|Title||Living alone and subsequent living arrangement transitions among older Americans|
|Year of Publication||2016|
|Number of Pages||262|
|University||University of Massachusetts Boston|
|Keywords||Adult children, Living arrangements, Older Adults|
Past research often considers living alone as a risk factor for older persons. In fact, adverse health outcomes are associated with living arrangement transitions, suggesting a need to consider the dynamic process of living arrangements. Using eight waves of the Health and Retirement Study (1998–2012), this study examines three research questions: (1) Do older Americans’ living arrangements exhibit a pattern of sequence? (2) What are implications of living arrangements at particular older ages on life expectancy? (3) What factors predict transitions out of a living alone arrangement?
The first analysis displays and classifies ordered patterns of living arrangements over time. Baseline living arrangements have a substantial influence on subsequent transitions. Major patterns of women’s living arrangement sequences are more diverse than those for men. In particular, living alone is both the major living arrangements at baseline or intermediately after baseline. These results suggest the importance of the living arrangement status at old ages in relation to subsequent living arrangements over time.
Next, multistate life tables are estimated for calculating life expectancy in total and among distinct living arrangements. While the expected percentage of time spent living alone for men increases with age, about half of women’s total life expectancy at any ages is spent living alone. Older persons living alone do not have shorter life expectancies than those in co-residential living arrangements, particularly among women. This suggests a selection process in which less robust older persons tend to transition to other living arrangements or die at younger ages.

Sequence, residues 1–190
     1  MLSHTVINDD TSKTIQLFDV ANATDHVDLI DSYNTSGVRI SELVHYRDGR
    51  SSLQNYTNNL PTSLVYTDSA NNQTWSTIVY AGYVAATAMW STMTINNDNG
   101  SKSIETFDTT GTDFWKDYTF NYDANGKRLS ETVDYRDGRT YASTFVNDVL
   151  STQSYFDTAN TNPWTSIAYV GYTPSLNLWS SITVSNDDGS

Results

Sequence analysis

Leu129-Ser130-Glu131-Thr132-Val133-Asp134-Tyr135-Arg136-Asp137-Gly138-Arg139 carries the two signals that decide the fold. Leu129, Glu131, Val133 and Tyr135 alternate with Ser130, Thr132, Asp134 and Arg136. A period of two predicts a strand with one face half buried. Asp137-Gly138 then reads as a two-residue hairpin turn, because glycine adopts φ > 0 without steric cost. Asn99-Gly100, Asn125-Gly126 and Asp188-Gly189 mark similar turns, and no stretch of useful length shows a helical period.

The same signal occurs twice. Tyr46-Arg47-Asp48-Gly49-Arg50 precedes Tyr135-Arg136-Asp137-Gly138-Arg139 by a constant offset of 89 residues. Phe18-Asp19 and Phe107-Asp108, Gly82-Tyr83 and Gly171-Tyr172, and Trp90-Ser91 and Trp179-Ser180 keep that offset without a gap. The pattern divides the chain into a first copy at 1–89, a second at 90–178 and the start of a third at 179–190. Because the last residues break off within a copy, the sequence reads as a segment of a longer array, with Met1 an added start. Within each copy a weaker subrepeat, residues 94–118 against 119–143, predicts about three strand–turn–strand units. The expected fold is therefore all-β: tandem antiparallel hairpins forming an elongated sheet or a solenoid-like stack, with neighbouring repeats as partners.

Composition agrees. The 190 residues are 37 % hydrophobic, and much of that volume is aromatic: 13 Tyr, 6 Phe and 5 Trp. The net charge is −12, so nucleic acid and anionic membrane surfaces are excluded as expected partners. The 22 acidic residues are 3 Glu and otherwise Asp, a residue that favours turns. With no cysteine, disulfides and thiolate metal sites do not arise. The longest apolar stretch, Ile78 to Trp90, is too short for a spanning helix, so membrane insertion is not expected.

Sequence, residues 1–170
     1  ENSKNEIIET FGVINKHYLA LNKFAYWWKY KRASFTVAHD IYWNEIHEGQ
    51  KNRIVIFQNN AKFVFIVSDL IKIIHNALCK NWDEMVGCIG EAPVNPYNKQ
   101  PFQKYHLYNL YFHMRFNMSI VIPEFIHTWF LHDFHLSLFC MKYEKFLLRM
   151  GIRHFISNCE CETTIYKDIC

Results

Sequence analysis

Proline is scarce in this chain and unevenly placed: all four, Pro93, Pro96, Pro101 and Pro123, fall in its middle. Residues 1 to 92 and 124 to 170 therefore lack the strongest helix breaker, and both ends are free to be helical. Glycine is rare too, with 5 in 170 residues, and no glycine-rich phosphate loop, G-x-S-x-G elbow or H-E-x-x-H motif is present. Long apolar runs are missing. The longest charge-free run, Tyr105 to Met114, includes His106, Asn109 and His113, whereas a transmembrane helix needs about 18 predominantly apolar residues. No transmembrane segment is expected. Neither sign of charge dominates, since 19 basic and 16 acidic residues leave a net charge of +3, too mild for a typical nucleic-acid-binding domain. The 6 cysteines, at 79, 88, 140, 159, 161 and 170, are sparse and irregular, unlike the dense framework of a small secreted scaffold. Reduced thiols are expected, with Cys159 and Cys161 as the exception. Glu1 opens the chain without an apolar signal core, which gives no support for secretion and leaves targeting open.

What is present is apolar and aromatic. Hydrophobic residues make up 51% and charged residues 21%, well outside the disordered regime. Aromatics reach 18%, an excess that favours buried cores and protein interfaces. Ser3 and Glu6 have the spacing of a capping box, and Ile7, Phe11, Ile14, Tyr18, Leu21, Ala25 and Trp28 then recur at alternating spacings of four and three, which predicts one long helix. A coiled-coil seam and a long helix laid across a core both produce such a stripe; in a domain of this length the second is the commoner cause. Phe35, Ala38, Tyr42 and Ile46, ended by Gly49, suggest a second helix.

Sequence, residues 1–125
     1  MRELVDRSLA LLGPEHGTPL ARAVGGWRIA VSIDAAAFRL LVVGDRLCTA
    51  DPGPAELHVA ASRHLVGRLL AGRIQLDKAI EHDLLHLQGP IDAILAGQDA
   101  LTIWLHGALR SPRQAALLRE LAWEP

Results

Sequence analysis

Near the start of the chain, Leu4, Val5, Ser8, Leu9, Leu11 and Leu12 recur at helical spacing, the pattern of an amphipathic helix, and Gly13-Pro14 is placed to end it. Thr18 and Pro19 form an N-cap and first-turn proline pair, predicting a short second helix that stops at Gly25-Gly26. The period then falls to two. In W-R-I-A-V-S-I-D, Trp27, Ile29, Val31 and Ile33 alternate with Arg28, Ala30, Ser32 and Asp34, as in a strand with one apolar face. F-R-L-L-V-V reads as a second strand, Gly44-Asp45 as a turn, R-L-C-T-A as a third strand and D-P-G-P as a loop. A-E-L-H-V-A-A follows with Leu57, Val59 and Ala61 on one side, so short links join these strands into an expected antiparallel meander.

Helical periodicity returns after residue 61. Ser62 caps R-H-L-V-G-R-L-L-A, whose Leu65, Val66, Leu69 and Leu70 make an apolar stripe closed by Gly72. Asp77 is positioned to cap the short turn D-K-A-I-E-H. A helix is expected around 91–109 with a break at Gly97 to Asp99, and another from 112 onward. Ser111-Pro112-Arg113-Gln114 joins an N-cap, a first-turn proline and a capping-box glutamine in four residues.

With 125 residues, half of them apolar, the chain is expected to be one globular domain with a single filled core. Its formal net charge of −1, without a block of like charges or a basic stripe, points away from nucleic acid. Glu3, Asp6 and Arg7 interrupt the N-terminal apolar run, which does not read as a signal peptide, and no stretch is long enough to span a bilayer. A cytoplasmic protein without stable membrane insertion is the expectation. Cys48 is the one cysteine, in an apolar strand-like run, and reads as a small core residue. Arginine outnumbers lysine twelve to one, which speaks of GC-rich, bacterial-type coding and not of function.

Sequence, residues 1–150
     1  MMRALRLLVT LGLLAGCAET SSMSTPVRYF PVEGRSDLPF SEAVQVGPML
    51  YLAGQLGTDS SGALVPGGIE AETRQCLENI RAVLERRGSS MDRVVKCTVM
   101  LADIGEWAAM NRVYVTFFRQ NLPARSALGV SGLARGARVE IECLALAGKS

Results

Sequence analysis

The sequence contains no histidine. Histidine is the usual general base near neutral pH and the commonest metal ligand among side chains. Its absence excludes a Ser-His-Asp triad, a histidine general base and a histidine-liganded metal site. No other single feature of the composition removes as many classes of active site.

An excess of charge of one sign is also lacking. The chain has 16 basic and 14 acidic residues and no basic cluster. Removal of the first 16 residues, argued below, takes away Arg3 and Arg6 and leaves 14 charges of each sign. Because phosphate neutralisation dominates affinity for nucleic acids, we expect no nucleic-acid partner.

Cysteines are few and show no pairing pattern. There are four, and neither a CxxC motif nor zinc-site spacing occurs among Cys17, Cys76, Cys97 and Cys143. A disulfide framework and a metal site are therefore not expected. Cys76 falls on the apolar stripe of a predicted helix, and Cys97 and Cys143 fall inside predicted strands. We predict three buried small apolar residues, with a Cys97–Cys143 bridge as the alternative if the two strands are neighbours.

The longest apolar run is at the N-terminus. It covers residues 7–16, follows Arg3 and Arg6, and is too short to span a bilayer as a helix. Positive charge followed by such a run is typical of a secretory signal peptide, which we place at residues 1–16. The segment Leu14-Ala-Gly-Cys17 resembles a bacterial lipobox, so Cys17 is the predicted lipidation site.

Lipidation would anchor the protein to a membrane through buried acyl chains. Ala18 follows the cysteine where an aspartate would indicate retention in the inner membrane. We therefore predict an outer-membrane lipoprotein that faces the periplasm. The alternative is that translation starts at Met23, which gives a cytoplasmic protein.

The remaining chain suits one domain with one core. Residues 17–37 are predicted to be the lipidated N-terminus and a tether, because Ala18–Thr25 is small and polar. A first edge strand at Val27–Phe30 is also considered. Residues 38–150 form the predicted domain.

Lastly, discrete-time event history models are used to examine factors associated with transitioning from living alone. Sentinel health events and poorer functional status are associated with an increased risk of death, and, to a lesser extent, a subsequent transition to co-residence or institutionalization. Analyses of transitions from living alone measured concurrently with changes in functional status suggest that many transitions may be immediate reactions to a recent health decline rather than adjustments following a progressive health decline. In either case, subsequent co-residence does not appear to be a common adaptation for many older adults who live alone with increased needs for care.